All four major Chinese banks told Xinhua on Wednesday no changes had been made to their property loan policies, helping calm the somewhat panicking property and stock markets.
The stock market was slightly unnerved earlier this week after the Industrial Bank reportedly decided to suspend some loans to fend off property bubble risks.
Chinese shares plunged on Monday and Tuesday over fears of a property bubble burst stemming from rumors that Chinese banks had suspended property loans to reduce financial risks.
As real estate companies bounced back on Wednesday, the benchmark Shanghai Composite Index rose 0.35 percent, or 7.03 points, to finish at 2,041.25. The Shenzhen Component Index gained 0.21 percent, or 15.67 points, to close at 7,319.61.
On Wednesday, a number of Chinese banks confirmed to Xinhua that they had not changed their property loan policies.
A chief of the Bank of Communications' public relations department, who refused to give his name, said the bank's headquarters had issued no directives telling its branches to suspend property loans.
China's top four banks, the Industrial and Commercial Bank of China, Bank of China, Agricultural Bank of China (ABC) and China Construction Bank, all confirmed to Xinhua that there had been no change in their property loan policies.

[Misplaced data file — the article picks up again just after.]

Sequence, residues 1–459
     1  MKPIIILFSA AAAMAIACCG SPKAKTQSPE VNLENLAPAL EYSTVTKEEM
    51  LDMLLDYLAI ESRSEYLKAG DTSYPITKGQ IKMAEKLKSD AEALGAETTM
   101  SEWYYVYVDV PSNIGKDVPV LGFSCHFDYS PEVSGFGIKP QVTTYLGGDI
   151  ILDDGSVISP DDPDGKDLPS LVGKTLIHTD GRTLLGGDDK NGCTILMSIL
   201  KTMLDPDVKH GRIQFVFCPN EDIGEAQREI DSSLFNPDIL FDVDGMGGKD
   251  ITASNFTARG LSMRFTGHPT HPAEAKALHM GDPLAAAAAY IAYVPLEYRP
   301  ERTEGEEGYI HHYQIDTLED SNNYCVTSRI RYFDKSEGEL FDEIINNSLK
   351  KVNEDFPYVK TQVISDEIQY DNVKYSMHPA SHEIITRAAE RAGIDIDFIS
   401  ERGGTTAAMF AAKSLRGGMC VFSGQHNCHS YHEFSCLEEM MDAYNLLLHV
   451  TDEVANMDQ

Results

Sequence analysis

China's banking sector had not tightened credit policy towards real estate companies, said a research paper by the China International Capital Corporation this week.
It is merely a single business department of an individual bank, which is the Industrial Bank, that had restricted some financing products for the real estate sector, it added.
However, a senior employee in ABC's public relations department said although the bank had not suspended property loans, they noticed the risks in the real restate market, and would adopt differentiated policies in accordance with changes in the market.
The newly-found uncertainty came amid signs of a gradually cooling property sector, as official data on Monday showed home prices dropped last month in more Chinese cities.
Of 70 major Chinese cities, 62 saw monthly rises in new home prices, while prices in six cities declined in January. New home prices fell in only two cities in December.
The average monthly increase for new homes slowed slightly to 0.49 percent last month from 0.51 percent in December, with the average in the four first-tier cities -- Beijing, Shanghai, Guangzhou and Shenzhen -- slowing 0.1 percentage points from December, the data showed.
Prices of existing homes also cooled, declining in 13 cities, as opposed to only five in December.
However, bank executives and economists played down the risks. "Property loans are relatively good loans as housing is reliable collateral," an executive of a big Chinese bank said.
"In addition, the banks are in control of interest rates so property loans can produce high returns, especially concerning property in big cities where risks are controllable," he added.
Lian Ping, chief economist of the Bank of Communications, said systemic risks are not likely even though the property market suffers problems, because the proportion of property loans in the banks' total loans is not high.